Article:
Posted 17th June 2013 | 10 Comments

Virgin condemns 'defeatist' Network Rail

THE Office of Rail Regulation must decide whether Virgin Trains should be allowed to run its trains to Shrewsbury and Blackpool North, after Network Rail refused the request. Virgin said it was disappointed by the ruling, and described it as 'defeatist'.

Virgin, which is currently in talks with the Department for Transport about extending its Wesr Coast contract to 2017, is proposing to provide two trains a day from London to Shrewsbury and Blackpool. The Shrewsbury trains would take an unusual route, avoiding Birmingham. Instead, they would run via the Trent Valley as far as Stafford, where they would reverse and continue via Penkridge to a chord just outside Wolverhampton which would take them on to the line to Telford and Shrewsbury.

The Blackpool trains would be extensions of existing services, which would leave the West Coast Main Line at Preston and continue to Blackpool North via Poulton-le-Fylde.

However, Network Rail said a shortage of paths meant that there was no room for additional trains. A spokesman said: "Today there are twice as many trains using the West Coast Main Line as a decade ago and, just like a busy motorway during rush hour, more trains mean that if something goes wrong, the knock-on effects can be significant.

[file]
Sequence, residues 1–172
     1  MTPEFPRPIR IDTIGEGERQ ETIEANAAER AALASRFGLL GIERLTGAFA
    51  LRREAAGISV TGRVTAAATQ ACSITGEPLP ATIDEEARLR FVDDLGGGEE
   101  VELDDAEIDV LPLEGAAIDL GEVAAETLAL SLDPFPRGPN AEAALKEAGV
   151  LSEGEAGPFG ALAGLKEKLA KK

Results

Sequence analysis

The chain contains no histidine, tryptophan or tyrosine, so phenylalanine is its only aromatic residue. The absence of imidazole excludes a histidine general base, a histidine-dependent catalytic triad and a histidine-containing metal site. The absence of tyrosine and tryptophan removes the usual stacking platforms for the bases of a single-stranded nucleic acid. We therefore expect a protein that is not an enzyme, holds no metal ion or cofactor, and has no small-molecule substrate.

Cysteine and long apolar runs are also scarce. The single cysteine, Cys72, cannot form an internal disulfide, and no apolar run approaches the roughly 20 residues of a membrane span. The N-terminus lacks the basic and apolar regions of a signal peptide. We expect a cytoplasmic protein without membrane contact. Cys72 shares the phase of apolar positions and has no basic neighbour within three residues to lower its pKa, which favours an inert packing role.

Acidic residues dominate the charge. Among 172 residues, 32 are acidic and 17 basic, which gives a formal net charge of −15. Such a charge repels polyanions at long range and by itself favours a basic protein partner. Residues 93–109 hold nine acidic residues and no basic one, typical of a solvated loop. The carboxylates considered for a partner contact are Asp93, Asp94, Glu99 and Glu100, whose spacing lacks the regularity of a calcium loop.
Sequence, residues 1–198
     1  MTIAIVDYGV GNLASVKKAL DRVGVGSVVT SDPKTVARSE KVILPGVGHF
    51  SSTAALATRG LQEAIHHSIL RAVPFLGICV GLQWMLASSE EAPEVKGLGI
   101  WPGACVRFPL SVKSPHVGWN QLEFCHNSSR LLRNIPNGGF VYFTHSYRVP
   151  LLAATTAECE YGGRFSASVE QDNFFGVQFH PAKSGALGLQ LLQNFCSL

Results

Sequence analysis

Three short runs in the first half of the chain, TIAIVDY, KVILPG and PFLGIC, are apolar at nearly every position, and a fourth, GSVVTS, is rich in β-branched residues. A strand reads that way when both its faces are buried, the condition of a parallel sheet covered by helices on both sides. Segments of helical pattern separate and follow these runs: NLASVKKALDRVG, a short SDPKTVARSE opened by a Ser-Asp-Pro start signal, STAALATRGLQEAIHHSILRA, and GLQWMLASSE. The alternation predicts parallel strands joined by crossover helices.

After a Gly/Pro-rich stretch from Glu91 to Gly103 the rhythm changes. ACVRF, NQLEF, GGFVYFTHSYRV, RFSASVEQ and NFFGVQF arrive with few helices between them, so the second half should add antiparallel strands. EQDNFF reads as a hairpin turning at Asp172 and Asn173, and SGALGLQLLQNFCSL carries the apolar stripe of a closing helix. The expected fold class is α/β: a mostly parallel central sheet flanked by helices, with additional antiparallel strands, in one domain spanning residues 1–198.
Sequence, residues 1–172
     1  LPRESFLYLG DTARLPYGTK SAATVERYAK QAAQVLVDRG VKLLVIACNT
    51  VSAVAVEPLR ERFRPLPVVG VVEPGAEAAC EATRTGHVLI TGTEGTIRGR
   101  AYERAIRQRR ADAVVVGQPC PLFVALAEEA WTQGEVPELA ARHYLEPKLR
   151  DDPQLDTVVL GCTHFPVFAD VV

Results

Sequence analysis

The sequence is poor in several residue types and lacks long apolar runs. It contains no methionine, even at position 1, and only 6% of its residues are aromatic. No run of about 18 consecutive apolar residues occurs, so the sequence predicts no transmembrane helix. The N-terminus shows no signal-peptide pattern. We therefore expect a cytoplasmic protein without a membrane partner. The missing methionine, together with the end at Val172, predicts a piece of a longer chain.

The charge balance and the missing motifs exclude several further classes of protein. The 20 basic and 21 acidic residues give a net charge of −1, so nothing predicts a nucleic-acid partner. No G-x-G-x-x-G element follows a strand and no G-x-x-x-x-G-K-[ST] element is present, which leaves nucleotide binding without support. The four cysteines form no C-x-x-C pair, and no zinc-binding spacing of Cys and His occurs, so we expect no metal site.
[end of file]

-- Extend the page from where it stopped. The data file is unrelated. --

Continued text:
“We have acknowledged that performance on the West Coast line is not good enough and we are taking steps to improve performance on the route. However, adding more services on to what is already the busiest mixed use railway line in the UK mean would mean a trade off with punctuality. It would have a significant negative impact on the performance of other services.”

Virgin is also currently in dispute with Network Rail about West Coast performance and is claiming that infrastructure-related delays have damaged its business. However, a spokesman said it did not accept that there was no room for the additional trains, and added: "We are disappointed, certainly, and we find Network Rail's attitude defeatist. We are appealing the ruling."

The ORR said it was aware of the dispute, and had already received representations from other operators on the West Coast route. It will now consider all the views and make a determination in due course.

Reader Comments:

Views expressed in submitted comments are that of the author, and not necessarily shared by Railnews.

  • Derek Knowles, Bolton

    Network Rail don't want Virgin,very selfish indeed,maybe virgin could provide a more Punctual service than NR Does,as far as i am aware,NR have the worst reputation for being late....